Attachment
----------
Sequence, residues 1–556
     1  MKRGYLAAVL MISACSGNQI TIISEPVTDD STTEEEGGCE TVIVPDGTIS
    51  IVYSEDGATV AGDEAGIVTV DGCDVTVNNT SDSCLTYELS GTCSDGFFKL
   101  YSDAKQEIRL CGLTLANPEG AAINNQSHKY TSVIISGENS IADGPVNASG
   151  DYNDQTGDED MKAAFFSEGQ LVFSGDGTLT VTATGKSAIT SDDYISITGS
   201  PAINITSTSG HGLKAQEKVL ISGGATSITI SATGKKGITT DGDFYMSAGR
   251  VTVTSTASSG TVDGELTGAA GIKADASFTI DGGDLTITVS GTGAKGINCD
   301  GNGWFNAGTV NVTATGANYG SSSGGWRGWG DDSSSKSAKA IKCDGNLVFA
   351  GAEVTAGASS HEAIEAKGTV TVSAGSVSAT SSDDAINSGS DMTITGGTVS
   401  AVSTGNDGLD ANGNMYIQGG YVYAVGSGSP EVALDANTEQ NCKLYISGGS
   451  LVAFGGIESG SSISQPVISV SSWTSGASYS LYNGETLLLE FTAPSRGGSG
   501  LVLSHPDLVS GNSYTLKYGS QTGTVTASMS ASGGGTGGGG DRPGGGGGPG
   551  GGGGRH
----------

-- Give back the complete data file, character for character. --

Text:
Sequence, residues 1–556
     1  MKRGYLAAVL MISACSGNQI TIISEPVTDD STTEEEGGCE TVIVPDGTIS
    51  IVYSEDGATV AGDEAGIVTV DGCDVTVNNT SDSCLTYELS GTCSDGFFKL
   101  YSDAKQEIRL CGLTLANPEG AAINNQSHKY TSVIISGENS IADGPVNASG
   151  DYNDQTGDED MKAAFFSEGQ LVFSGDGTLT VTATGKSAIT SDDYISITGS
   201  PAINITSTSG HGLKAQEKVL ISGGATSITI SATGKKGITT DGDFYMSAGR
   251  VTVTSTASSG TVDGELTGAA GIKADASFTI DGGDLTITVS GTGAKGINCD
   301  GNGWFNAGTV NVTATGANYG SSSGGWRGWG DDSSSKSAKA IKCDGNLVFA
   351  GAEVTAGASS HEAIEAKGTV TVSAGSVSAT SSDDAINSGS DMTITGGTVS
   401  AVSTGNDGLD ANGNMYIQGG YVYAVGSGSP EVALDANTEQ NCKLYISGGS
   451  LVAFGGIESG SSISQPVISV SSWTSGASYS LYNGETLLLE FTAPSRGGSG
   501  LVLSHPDLVS GNSYTLKYGS QTGTVTASMS ASGGGTGGGG DRPGGGGGPG
   551  GGGGRH